Outside, McNulty asks Ronnie, "What's with him?" "You haven't heard?" she marvels. She flicks through her papers and hands a flyer to McNulty, asking, "What's wrong with the picture?" He doesn't know. We see the flyer, which advertises a Democratic campaign fundraiser; there are photos of five incumbent judges, but, as Ronnie points out, Phelan's not among them. "What, he's up for election?" asks McNulty. "I thought judges had fifteen-year terms!" Jesus, they do? What's the point of even electing them? Ronnie exposits that Phelan was appointed to finish some other judge's term, on which there were only two years left, so now he has to "run on his own in the primary." McNulty can't believe he's not on the ticket, and Ronnie, rubbing his back, offers, "Maybe it's the company he keeps." "Aw, ffffffuck," says McNulty exhalingly. It really is remarkable that, given all the heartache he causes other people, McNulty is only rarely reminded of it.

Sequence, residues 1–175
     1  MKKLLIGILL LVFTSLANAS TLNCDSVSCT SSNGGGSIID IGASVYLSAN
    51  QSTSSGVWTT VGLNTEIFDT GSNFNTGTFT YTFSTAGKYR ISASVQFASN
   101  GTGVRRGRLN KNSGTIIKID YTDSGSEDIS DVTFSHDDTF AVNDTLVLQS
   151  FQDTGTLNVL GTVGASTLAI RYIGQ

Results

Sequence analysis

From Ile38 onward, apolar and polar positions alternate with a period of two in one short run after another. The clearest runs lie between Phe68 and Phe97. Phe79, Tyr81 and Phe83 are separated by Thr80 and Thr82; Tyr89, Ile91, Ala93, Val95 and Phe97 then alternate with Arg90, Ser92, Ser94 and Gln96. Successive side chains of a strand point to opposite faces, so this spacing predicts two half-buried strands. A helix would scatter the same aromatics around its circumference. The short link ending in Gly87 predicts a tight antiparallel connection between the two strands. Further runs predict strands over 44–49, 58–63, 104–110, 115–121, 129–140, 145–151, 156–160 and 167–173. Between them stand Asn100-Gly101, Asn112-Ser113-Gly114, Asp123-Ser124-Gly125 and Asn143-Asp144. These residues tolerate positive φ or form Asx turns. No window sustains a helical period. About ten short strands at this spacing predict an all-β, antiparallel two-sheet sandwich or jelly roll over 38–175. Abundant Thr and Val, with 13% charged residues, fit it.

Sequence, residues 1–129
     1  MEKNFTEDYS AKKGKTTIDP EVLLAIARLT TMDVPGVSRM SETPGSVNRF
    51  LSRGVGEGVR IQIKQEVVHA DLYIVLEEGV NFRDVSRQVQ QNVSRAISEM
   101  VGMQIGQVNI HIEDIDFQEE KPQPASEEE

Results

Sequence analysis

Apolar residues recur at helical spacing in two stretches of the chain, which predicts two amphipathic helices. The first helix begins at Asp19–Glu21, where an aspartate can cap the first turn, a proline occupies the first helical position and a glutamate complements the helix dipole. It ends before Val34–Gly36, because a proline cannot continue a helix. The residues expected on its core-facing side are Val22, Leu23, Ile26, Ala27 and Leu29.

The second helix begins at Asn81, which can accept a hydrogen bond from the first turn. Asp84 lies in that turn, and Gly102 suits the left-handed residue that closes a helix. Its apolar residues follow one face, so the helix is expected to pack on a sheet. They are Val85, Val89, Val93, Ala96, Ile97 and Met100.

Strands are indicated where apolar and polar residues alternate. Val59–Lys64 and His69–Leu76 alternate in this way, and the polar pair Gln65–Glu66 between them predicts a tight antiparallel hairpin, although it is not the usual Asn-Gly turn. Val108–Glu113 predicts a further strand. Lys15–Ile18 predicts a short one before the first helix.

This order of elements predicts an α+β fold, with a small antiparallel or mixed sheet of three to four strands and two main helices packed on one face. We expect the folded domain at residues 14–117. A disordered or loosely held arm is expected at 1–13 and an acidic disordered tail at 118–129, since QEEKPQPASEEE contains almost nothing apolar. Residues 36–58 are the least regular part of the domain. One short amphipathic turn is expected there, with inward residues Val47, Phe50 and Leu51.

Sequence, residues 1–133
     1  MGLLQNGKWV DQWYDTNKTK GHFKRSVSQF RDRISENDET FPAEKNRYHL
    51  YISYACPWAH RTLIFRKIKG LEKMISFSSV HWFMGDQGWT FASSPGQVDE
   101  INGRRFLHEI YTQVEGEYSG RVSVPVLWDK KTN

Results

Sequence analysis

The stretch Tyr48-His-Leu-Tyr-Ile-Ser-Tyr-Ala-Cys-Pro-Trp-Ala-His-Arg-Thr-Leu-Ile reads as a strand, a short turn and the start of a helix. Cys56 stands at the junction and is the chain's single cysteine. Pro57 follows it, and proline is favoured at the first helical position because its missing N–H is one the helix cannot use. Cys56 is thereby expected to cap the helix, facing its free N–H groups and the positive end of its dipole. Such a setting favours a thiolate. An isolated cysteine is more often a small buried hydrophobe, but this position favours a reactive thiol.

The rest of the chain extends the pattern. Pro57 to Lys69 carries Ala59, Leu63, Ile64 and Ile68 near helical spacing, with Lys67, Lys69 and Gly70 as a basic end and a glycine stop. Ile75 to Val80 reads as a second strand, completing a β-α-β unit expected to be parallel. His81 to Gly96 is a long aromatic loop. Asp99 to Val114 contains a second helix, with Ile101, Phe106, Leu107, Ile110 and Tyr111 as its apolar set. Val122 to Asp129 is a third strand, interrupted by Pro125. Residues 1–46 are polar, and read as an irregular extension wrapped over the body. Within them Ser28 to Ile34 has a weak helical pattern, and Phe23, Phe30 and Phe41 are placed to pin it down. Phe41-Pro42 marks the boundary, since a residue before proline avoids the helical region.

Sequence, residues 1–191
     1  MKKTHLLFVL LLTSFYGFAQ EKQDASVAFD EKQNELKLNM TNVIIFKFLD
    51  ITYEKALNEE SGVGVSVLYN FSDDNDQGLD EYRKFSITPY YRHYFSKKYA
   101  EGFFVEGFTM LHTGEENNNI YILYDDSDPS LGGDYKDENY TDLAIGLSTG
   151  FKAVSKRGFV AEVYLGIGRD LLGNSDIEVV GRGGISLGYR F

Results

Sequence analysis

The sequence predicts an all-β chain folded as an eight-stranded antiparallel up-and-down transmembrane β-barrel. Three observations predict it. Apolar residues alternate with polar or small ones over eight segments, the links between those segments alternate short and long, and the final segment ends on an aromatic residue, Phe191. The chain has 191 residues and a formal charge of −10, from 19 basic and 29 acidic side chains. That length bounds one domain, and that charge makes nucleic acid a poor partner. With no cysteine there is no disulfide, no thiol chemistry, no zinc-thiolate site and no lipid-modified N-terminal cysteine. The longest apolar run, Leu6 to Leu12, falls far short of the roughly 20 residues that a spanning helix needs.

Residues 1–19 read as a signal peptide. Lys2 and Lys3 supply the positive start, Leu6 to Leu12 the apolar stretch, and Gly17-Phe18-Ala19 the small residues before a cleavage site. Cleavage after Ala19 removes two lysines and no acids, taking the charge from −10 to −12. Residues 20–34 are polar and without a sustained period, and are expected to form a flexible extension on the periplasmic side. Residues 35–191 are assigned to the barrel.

At his apartment, D'Angelo is exhaustedly staring out the window and Donette is dressing their adorable baby, crabbing that D'Angelo's not thinking about how much room the baby will need, especially as he starts getting older: "Like a real crib, a play desk, and you know he gotta have one of them Little Tikes cars. I'm not saying your place ain't nice enough, 'cause for you, it do just fine, but if we gonna be a family, we need at least one more room, if not two." She drones on as D'Angelo goes to the fridge for a fortifying beverage, instead finding a toy truck, like, in the crisper. By the time Donette gets around to bitching that his couch isn't nice enough for her, D'Angelo's already grabbed his pager and keys and stomped out without a word. I mean, I hear what Donette's saying, but if she's going to make this work in the long run, she needs to learn to nag on the sly, so the naggee can't really tell.